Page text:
What you have forget (or misunderstood) is that the land under the right of way is not owned by the power company. The government places a easement on the property. The power company comes in cuts down your tree, messy up your fields. Then it leave, the land below the lines is still owned by someone else. In the country it is normally a farmer, a rancher, or if out west the US government. As you get closer to towns/cities it goes over yard, homes, factory, offices. Could they buy or lease some of the land? Most likely some of it, but it isn’t free or already theirs.

    • Matt

      You might find that people who own the impacted land are not very happy with the power company that place the transmission lines, or gas/oil pipeline. Unlike when a wind farms comes, and the land owner can say yes/no and get paid for the used. Since they are only using the air space for the wires land owner gets nothing. Not positive on the land under the transmission towers, didn’t have one of those.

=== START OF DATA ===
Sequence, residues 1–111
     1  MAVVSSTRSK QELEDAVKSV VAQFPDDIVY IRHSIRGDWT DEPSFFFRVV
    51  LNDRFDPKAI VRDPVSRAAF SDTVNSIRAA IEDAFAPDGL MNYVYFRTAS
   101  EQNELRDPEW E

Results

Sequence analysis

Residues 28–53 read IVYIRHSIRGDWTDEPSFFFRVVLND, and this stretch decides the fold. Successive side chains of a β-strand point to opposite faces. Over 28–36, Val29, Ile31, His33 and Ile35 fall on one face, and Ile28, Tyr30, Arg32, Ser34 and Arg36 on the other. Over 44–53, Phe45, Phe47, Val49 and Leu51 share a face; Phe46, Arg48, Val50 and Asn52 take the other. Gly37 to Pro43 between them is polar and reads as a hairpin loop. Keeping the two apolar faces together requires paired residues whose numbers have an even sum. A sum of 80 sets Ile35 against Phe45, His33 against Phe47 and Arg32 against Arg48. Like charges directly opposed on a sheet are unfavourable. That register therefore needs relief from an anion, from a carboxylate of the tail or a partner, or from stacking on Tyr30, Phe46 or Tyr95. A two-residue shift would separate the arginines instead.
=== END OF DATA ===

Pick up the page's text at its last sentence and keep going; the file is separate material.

• http://johnbrianshannon.com/ John Brian Shannon

        Hi Matt,

        The truth is the land underneath the pylons is administered in many different ways.

        In some areas, the county owns the land and has a ‘maitenance agreement’ to maintain the corridor — and often the use of that land is free or very low cost to the power transmission company, (other than the cost to maintain it) which is in the best interests of the transmission company anyway.

        In other areas, the power transmission company purchases the land outright and can use it in any way they like, such as the installation of service yards and parking areas for their staff or company vehicles and equipment.

        Basically the power transmission company tells the various levels of government what they need in order to bring the current to service a city and they all coordinate to ensure that happens.

        Allowing solar arrays under the wires could become part of the deal, but only if everyone wants to save 30% on their electricity bills — including those various levels of government, industry, commercial (all huge users of electricity) and residential users.